In the last 10 years, the complexity, size and fragility of tires and wheels has led many tire shops to outgrow their current tire changer. Some even outgrow their equipment before it reaches its capacity or capability. That’s because the machines that could handle everything 10 years ago likely no longer can, requiring tire dealers to invest in a new tire changer.
With the variety of tire changers on the market today, buying a new one means taking stock of what you have, assessing what you’d like your shop to be able to do and gauging the tire volume you’d like to service in the future. All of these aspects point to the features you’ll need to look for in a tire changer. Below, we give you an overview of some of the newer features on the market and other factors to consider when shopping for your store’s next tire changer.
The Bells and Whistles
New features have been added to tire changers on the market today to help with mounting today’s tire designs. While there are many, a sampling includes:
- Bead-pressing devices: Allows technicians to press multiple sections of the top bead down in the drop center during the mounting phase.
- Leverless heads: Allows technicians to mount and demount tires without using a metal tire tool on delicate wheels. This speeds up the process without the risk of damaging wheels.
- Adjustable multi-position wheel clamps: Allows for maximum flexibility to clamp wheels down to siz inches but still be able to clamp large, aftermarket custom wheels. With these, a single tire changer can service a variety of tires, from lawn and garden assemblies to custom wheels, all on the same machine.
The Pros and Cons
A tire changer’s clamping style, your technicians’ skills, the types of wheels your shop sees daily as well as your shop’s power supply are all key considerations when deciding in which type of tire changer to invest.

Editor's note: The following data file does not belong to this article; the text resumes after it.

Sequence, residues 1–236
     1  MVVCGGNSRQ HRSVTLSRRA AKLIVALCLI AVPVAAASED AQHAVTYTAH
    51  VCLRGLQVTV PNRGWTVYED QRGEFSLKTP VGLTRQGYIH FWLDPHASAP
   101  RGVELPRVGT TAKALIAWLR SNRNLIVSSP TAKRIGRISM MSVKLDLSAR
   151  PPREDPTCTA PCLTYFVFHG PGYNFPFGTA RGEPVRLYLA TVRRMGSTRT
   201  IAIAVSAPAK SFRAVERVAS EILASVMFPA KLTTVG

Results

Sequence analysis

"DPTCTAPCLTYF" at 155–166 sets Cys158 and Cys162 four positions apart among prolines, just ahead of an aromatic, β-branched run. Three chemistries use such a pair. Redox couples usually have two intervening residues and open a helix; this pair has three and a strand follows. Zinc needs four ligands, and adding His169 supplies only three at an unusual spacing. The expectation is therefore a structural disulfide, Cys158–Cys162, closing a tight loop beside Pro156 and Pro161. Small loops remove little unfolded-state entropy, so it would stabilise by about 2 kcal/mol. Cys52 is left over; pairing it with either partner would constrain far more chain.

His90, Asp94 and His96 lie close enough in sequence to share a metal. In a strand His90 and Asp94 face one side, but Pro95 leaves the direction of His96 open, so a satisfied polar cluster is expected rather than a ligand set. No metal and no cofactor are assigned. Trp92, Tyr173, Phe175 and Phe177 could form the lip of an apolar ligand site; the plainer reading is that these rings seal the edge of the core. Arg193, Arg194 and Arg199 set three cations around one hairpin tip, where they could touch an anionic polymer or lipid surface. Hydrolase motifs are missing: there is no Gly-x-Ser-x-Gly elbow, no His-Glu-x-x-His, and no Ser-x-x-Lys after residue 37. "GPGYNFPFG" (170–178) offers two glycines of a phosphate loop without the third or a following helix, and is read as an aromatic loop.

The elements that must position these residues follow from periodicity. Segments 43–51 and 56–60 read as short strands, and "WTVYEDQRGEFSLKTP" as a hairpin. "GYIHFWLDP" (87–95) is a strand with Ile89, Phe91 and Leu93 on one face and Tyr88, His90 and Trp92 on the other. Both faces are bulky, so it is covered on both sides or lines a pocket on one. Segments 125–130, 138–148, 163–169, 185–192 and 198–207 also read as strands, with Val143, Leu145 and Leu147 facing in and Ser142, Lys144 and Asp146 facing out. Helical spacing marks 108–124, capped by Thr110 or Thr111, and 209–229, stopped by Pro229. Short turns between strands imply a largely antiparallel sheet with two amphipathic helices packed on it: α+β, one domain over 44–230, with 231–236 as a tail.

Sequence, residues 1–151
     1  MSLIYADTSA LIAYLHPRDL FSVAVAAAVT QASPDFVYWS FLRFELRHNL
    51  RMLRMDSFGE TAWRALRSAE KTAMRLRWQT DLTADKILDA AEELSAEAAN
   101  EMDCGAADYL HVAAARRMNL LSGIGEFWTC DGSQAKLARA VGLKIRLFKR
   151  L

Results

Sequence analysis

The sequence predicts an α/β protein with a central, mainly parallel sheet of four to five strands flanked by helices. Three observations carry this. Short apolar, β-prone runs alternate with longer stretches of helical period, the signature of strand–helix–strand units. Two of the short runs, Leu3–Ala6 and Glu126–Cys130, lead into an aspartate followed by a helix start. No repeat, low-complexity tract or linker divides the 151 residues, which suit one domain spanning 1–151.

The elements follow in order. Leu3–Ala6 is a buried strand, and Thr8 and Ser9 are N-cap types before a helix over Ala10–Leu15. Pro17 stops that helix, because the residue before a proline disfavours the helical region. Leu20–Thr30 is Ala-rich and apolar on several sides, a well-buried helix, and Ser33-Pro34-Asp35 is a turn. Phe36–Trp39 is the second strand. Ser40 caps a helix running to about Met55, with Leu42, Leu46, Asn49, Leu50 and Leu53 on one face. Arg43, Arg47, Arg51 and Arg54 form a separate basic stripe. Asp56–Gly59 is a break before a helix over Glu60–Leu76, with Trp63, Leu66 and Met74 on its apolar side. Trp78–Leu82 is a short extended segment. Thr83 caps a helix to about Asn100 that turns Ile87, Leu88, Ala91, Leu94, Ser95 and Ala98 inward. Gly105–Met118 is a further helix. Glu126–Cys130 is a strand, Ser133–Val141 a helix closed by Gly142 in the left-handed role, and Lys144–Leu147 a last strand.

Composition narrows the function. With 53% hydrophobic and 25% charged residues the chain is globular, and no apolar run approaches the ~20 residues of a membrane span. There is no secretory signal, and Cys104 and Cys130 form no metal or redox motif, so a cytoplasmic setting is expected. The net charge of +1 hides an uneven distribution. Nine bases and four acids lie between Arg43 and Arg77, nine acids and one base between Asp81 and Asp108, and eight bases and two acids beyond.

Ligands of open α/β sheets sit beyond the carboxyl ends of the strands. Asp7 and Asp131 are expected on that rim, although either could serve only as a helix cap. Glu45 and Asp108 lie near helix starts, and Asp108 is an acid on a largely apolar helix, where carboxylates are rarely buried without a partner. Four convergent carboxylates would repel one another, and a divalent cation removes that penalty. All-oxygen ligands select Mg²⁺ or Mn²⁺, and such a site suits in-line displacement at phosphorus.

When comparing clamping styles, know that center-post or pedestal-style tire machines hold the tire from the hub center of the wheel only, which can lessen the risk of damage from the steel clamps that tabletop changers use to hold wheels. Instead, the wheel is held in place by a dowel pin that engages one lug hole on the wheel, which prevents slipping and spinning that can occur when changing stiff tires.
Tabletop machines offer quick setup and minimal accessories to change a wider variety of wheels including motorcycle, ATV and UTV assemblies. Changing larger truck tires is also simple on a tabletop machine. The drawback to this type of tire changer is slower setup time and expensive accessories required for changing reverse drop-center assemblies and large hub bore truck wheels.
Technician skill also plays a role in tire changing because the lower the skill level, the more a technician relies on the changer to do the work. A skilled tire changer operator relies on the machine less and more on technique to change difficult assemblies.
Content provided by Coats Garage. For more information, visit coatsgarage.com.
Editor’s Note: Click here to read Part 1 of this piece on investing in tire changers, where you’ll find tips on when to invest in a new tire changer and key factors shops must consider before their purchase.
Check out the rest of the March digital edition of Tire Review here.